Grandmother of Orlando victim showered with love on flight

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People can sometimes be rude on airplanes, but not on the Orlando-bound JetBlue flight that attendant Kelly Davas Karas wrote about on her Facebook page. On board was the grandmother of 20-year-old Luis Omar Ocasio-Capo (called "Omar" by his loved ones), one of the 49 victims of the Orlando Pulse nightclub shootings.

Once the crew found out who the passenger was, they were prepared to make her flight as pleasant as possible. "Today my dear friend Melinda I had the sad privilege of attending to his grandmother on our flight as she made her journey to Orlando to join her family during this unspeakable time," the flight attendant began.

She continued, "Knowing she was making this hard journey alone, JetBlue employees made sure to be at her side every step of the way. Melinda stood quietly by her wheelchair while we waited until it was time to board. Kellie, the gate agent, boarded with her and helped get her settled. Melinda and I gave her a blanket, a pillow, a box of tissues and water so she could be as comfortable as possible. She was understandably distraught, but met us with kindness and gentleness. And gratitude."

The kindness of the JetBlue employees did not stop there-- and it was not just limited to the flight crew.

Karas continued, "But here's where our flight got truly inspiring. I had the idea to pass around a piece of paper to everyone on board and invite them to sign it for this grieving grandmother. I talked it over with Melinda and she started the process from the back of the plane. As we took beverage orders, we whispered a heads up about the plan as we went."

The passengers did not take Kara's invitation lightly. "Halfway through, Melinda called me, 'Kel, I think you should start another paper from the front. Folks are writing PARAGRAPHS.'"

SEE ALSO: Orlando mom of 11 sacrifices herself to save son

Davas went on, "When we landed, I made an announcement that the company had emailed to us earlier in the morning to use as an optional addition to our normal landing announcement, which states 'JetBlue stands with Orlando.' Then with her permission and at the request of a couple of passengers, we offered a moment of silence in Omar's memory."

The passengers did not just write to the grandmother.

Karas explained, "EVERY SINGLE PERSON STOPPED TO OFFER HER THEIR CONDOLENCES. Some just said they were sorry, some touched her hand, some hugged her, some cried with her. But every single person stopped to speak to her, and not a single person was impatient at the slower deplaning process."

Karas ended her post with a hopeful message: "I am moved to tears yet again as I struggle to put our experience into words. In spite of a few hateful, broken human beings in this world who can all too easily legally get their hands on mass assault weapons - people ARE kind. People DO care. And through our customers' humanity today, and through the generosity of this wonderful company I am so grateful to work for, I am hopeful that someday soon we can rally together to make the world a safer place for all."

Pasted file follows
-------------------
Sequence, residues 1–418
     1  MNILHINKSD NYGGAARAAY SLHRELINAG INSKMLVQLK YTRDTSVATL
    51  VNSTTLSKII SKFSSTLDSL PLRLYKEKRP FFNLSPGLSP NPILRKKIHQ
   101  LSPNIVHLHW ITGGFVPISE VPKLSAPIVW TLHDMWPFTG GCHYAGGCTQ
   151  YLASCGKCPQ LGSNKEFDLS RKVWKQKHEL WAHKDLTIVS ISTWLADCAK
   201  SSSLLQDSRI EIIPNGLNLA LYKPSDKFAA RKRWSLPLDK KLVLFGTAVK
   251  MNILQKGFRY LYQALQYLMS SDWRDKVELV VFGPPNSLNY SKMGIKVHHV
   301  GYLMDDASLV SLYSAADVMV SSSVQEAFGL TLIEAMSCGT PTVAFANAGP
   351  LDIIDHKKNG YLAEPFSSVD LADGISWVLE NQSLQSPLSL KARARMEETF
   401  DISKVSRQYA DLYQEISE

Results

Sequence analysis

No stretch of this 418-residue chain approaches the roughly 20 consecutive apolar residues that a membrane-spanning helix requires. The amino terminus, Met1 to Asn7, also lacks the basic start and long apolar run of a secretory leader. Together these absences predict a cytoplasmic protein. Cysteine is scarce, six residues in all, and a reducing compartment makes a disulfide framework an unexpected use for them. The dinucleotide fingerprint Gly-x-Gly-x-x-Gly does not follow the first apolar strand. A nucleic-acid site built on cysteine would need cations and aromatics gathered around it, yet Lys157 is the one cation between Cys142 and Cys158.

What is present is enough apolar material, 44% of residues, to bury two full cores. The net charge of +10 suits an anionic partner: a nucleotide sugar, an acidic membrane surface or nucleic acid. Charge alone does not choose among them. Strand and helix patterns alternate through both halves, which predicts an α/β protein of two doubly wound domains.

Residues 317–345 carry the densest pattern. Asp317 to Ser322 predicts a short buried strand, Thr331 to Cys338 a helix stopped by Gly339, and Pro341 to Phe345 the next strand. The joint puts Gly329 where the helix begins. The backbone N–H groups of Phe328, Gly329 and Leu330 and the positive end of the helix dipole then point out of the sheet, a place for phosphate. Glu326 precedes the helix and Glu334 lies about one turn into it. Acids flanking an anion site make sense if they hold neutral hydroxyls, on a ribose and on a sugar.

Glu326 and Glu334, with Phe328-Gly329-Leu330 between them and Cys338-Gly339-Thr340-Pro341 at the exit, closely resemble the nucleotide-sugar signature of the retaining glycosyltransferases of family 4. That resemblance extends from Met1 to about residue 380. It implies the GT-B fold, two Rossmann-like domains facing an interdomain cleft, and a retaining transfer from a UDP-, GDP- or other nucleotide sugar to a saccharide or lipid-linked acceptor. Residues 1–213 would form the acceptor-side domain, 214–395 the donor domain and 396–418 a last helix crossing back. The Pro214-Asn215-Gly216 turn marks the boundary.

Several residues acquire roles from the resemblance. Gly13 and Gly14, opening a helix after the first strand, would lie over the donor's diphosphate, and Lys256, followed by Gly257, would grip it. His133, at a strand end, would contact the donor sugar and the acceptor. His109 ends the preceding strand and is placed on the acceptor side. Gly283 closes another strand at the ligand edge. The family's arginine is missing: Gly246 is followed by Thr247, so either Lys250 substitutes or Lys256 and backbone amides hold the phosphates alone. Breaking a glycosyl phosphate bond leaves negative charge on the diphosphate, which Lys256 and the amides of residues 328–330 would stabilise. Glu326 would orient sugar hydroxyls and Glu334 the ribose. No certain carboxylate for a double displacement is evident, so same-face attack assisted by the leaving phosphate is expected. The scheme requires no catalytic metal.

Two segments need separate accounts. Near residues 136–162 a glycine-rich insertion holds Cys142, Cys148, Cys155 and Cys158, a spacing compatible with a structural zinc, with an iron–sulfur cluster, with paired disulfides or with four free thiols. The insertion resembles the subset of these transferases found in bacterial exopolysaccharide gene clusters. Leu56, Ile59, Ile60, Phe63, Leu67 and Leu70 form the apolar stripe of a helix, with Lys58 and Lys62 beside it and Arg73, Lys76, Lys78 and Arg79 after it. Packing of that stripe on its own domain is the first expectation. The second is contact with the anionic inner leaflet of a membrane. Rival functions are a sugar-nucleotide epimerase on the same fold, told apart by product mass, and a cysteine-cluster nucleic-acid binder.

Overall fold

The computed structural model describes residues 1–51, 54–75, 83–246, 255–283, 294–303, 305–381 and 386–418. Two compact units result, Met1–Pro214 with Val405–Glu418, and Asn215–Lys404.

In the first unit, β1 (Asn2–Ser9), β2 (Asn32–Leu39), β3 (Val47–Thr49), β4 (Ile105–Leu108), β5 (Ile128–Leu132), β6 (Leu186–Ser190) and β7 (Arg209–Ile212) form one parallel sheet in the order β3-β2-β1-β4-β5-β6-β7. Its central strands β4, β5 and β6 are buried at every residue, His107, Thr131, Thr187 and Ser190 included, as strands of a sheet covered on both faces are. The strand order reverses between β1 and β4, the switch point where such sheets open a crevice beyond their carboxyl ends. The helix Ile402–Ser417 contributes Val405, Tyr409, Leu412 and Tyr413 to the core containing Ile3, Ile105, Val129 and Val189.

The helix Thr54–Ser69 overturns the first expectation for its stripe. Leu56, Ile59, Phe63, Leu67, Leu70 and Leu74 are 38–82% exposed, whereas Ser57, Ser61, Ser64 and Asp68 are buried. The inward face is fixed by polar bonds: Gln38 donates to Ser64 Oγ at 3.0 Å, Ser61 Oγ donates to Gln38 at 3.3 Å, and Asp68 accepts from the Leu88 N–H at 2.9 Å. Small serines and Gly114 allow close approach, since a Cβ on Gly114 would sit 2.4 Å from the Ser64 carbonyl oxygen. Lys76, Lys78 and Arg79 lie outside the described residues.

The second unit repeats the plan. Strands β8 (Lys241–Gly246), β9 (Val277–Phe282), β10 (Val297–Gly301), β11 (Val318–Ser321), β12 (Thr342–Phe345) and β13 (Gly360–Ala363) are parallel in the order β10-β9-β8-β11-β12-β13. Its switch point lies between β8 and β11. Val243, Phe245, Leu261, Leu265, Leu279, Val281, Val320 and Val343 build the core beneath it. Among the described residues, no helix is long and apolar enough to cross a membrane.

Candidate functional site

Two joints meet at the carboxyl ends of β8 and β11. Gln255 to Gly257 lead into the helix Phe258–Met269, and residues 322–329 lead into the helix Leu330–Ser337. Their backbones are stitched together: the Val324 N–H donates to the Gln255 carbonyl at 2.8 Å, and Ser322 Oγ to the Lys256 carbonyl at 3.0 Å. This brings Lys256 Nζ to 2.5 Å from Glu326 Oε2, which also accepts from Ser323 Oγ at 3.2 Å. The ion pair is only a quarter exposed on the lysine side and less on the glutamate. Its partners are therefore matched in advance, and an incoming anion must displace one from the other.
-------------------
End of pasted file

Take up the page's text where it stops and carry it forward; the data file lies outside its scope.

Omar's friend started a GoFundMe page to help his family pay for funeral services. As of Thursday morning, they are just shy of their $10,000 goal.

RELATED: Orlando survivors share their stories

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Orlando Survivors Share Their Stories
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Orlando Survivors Share Their Stories
Gunshot survivor Angel Santiago looks over at fellow victim Patience Carter as she recounts her story at a news conference at Florida Hospital Orlando on the shooting at the Pulse gay nightclub in Orlando, Florida, June 14, 2016. REUTERS/Jim Young
Gunshot survivor Patience Carter (front) recounts her story as fellow survivor Angel Santiago and Dr. Brian Vickaryous look on during a news conference at Florida Hospital Orlando on the shooting at the Pulse gay nightclub in Orlando, Florida, June 14, 2016. REUTERS/Jim Young
Gunshot survivor Patience Carter (2nd L) is comforted by Dr. Neil Finkler as fellow survivor Angel Santiago (R) looks on at a news conference at Florida Hospital Orlando on the shooting at the Pulse gay nightclub in Orlando, Florida, U.S., June 14, 2016. REUTERS/Jim Young
Gunshot survivor Angel Santiago recounts his story at a news conference at Florida Hospital Orlando on the shooting at the Pulse gay nightclub in Orlando, Florida, June 14, 2016. REUTERS/Jim Young
Gunshot survivor Angel Santiago recounts his story with fellow victim Patience Carter at a news conference at Florida Hospital Orlando on the shooting at the Pulse gay nightclub in Orlando, Florida, June 14, 2016. REUTERS/Jim Young
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